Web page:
Illegal Weed Pushes Oregon County to a State of Emergency
Last Wednesday, Jackson County in southern Oregon declared a state of emergency due to the tsunami of illegal pot farms swarming the county’s territory.
With the state regulators and code enforcers overwhelmed by the sheer number of unlawful cultivators, the Jackson County Board of Commissioners asked for more funds and employees to face this cannabis crisis.
Namely, the Board reached out through an official request for support — a letter addressed to Gov. Kate Brown, House Speaker Tina Kotek, and Senate President Peter Courtney.
In it, the situation was described as an imminent threat to public health and safety. And given recent events, this claim seems completely justified.
In fact, only last month, authorities discovered the illegal farms of over 100 licensed marijuana growers. Moreover, the situation has gotten so out of hand that a whopping 700 code violations were issued thus far.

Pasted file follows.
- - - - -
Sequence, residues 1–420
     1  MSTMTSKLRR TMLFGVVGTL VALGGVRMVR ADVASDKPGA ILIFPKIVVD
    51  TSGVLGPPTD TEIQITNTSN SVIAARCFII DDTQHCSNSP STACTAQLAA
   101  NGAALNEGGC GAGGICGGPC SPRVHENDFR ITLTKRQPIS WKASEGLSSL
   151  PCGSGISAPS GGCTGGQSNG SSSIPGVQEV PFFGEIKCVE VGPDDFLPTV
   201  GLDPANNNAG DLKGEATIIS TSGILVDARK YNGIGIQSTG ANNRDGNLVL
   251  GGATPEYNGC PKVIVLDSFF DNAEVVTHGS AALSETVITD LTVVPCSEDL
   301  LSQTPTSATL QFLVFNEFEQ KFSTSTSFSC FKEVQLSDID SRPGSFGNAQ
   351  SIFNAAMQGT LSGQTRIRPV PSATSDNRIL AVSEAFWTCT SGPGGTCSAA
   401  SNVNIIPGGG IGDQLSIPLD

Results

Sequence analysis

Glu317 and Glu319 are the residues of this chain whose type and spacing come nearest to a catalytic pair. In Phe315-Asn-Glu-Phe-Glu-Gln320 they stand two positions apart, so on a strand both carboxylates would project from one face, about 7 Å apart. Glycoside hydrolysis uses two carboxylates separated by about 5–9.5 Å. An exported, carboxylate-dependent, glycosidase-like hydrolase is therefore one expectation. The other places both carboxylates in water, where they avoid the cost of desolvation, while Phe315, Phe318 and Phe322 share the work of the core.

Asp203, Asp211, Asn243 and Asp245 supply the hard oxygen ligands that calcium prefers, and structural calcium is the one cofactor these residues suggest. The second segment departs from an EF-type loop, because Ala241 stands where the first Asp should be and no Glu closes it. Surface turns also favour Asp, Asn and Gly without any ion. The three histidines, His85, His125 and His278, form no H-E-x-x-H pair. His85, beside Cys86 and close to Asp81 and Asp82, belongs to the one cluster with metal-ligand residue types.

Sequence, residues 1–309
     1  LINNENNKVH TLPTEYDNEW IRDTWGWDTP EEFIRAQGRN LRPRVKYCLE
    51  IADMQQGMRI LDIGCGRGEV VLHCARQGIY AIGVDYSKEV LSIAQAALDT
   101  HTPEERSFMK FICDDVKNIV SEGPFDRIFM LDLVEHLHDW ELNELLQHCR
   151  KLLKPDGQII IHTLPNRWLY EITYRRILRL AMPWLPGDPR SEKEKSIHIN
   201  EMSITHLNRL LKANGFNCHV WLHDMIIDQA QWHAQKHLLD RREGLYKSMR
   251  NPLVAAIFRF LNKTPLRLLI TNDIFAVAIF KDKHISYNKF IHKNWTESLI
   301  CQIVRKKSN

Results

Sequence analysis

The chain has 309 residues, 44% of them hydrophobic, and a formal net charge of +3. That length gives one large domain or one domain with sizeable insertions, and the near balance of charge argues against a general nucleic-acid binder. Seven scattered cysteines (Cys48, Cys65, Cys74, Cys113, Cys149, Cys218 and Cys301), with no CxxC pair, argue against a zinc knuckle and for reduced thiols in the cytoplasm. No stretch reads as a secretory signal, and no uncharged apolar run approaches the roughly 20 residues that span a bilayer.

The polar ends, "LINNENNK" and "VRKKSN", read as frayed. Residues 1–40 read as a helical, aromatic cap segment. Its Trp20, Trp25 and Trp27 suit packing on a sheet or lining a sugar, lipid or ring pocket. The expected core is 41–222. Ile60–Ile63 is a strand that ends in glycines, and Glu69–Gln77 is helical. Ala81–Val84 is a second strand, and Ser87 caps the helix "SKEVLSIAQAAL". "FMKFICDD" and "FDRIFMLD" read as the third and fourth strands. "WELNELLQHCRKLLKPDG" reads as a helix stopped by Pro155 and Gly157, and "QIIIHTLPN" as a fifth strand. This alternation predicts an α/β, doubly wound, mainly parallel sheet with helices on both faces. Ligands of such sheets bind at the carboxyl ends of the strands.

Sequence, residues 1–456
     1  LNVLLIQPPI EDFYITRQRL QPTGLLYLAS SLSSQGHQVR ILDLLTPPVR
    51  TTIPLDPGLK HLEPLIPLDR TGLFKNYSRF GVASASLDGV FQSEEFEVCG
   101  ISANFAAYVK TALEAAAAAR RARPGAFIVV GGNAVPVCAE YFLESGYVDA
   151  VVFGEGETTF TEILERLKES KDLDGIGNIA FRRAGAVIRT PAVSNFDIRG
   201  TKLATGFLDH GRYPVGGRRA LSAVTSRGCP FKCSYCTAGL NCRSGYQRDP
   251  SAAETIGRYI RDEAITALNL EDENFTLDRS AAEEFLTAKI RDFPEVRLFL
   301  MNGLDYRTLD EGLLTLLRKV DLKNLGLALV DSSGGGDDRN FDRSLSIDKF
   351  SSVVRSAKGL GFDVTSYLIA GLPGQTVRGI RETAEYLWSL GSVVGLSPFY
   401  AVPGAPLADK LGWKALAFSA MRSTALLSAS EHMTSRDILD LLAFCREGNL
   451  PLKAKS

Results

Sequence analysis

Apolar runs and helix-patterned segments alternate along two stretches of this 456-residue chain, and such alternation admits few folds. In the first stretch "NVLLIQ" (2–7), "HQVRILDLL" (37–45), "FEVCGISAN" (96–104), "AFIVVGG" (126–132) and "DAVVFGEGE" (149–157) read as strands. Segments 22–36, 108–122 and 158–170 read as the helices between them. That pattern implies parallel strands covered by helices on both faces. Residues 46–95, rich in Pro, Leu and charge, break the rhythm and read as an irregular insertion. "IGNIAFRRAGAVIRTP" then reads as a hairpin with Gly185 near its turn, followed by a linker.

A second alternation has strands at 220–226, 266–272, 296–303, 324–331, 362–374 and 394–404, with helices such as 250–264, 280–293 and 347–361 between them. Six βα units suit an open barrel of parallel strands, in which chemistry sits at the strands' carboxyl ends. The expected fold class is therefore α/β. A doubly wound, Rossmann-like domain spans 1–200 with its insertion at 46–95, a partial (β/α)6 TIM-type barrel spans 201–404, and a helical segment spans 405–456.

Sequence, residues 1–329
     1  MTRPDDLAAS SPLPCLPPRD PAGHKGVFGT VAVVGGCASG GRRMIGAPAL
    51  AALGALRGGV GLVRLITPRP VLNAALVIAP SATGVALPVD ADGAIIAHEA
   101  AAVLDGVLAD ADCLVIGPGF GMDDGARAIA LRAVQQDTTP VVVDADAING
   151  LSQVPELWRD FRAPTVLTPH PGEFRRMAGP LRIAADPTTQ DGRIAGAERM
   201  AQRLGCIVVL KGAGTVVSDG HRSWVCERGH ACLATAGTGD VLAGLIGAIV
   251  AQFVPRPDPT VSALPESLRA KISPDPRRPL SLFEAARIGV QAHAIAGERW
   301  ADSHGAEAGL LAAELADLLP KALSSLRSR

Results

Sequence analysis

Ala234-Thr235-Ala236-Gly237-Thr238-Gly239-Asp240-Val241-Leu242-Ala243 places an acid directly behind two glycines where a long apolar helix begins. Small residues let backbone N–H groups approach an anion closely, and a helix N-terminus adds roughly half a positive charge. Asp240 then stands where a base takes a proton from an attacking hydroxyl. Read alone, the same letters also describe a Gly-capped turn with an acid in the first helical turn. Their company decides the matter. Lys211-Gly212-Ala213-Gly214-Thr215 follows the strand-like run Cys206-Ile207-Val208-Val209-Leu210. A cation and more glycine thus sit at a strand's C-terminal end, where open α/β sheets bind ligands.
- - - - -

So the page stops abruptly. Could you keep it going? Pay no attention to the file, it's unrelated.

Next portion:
Experts blame the increased illegal activities on Oregon’s overproduction, which inadvertently increases competitive wholesale prices. At the moment, Oregon has monthly sales of over $100 million, making it a lucrative market for unlawful cultivators.
What’s more, Oregon lawmakers identified this problem back in 2019 and voted a statutory moratorium for giving licenses to newcomers to fix the issue.
Now, this moratorium is nearing its end (2022), and the Oregon Liquor and Cannabis Commission (OLCC) wants to extend it until 2024. Given the situation, this may be a smart move.
Nevertheless, Jackson County is far from being the only one dealing with this crisis. Some might even say that illegal cannabis is becoming a nationwide pandemic.
Just a few weeks earlier, Douglas County made its mark in the history books when it discovered a farm with a whopping 62 tons of weed! Similarly, in California, over 1.1 million illegal plants were seized and destroyed last year.